The featured article below draws out the benefits of taking risk-in-house, and in particular the benefit of setting up an underlying Protected Cell Company (PCC) rather than a full Captive. However, this is only one part of the jigsaw. If the underlying risk profile of your core business is categorised as insurance then the underlying PCC can only be reinsured into.
As a consequence a licensed insurer will need to be approached and a reinsurance agreement entered into between the licensed insurance entity and the PCC. Furthermore, as the licensed insurer entity is taking both the regulatory and the credit risk they will need to satisfy themselves that the product offering is not in breach of any regulatory requirements or good practice guidelines and that the balance sheet of the PCC can weather the payment of claims.
A Revolving Letter of Credit can be set-up to alleviate the Credit risk with the licensed insurer being the beneficiary, however, the Bank is likely to charge fees of up to 1.5% for issue of the Revolving Letter of Credit.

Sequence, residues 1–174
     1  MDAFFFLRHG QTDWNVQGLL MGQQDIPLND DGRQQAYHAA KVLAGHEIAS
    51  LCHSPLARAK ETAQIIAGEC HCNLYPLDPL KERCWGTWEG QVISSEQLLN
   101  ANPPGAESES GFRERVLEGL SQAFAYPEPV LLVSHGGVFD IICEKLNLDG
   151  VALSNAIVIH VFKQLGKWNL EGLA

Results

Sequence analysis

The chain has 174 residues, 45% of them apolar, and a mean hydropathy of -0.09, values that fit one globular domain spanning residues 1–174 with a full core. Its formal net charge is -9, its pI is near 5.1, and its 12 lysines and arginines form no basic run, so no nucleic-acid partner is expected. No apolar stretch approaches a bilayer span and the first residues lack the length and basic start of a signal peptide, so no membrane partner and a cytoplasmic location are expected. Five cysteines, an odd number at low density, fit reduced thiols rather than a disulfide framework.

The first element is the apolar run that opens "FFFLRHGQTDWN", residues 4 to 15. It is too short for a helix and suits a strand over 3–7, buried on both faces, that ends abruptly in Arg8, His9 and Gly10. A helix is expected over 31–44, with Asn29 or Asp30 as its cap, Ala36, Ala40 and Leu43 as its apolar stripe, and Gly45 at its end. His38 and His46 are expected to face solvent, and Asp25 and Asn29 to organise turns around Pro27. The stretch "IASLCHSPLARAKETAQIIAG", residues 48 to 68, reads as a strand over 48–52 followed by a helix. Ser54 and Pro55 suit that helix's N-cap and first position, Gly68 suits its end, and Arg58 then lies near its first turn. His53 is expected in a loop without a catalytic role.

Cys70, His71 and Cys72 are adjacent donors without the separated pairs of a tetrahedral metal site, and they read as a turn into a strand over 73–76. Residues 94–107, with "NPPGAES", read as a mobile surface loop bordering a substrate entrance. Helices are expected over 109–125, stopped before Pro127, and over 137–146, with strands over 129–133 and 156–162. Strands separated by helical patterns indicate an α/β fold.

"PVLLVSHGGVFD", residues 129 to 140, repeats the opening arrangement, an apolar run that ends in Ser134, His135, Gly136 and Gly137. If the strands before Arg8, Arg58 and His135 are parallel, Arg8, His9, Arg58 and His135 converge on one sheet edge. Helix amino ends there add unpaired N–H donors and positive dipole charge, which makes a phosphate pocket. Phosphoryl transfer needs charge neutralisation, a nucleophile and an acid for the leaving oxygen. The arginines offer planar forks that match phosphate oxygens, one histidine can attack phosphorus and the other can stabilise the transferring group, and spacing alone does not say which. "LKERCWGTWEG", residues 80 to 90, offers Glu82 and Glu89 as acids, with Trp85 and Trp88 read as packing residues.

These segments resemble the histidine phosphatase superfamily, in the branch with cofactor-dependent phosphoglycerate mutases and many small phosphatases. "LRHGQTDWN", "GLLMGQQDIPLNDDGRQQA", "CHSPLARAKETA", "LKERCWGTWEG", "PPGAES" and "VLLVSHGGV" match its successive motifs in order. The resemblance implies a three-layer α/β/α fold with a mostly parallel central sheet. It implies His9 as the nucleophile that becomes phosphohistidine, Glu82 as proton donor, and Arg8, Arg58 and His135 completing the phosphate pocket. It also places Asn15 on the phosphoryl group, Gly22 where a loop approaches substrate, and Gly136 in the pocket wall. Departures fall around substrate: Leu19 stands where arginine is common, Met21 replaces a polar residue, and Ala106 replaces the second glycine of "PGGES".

Coversely, you may want to apparise yourself as to the credit standing of the licensed insurer, as clearly the mechanism for the flow and payment of premiums will be into the Accounts of the licensed insurer first and and then subsequently into the PARC.
Fronting Fees from "A" rated insurers with an appetite for this business are likely to be in the range of 10%, lower fronting fees may be achieved with unrated carriers, given the fact their cost of capital requirements are generally lower, however you need to feel comfortable with their financial well being.
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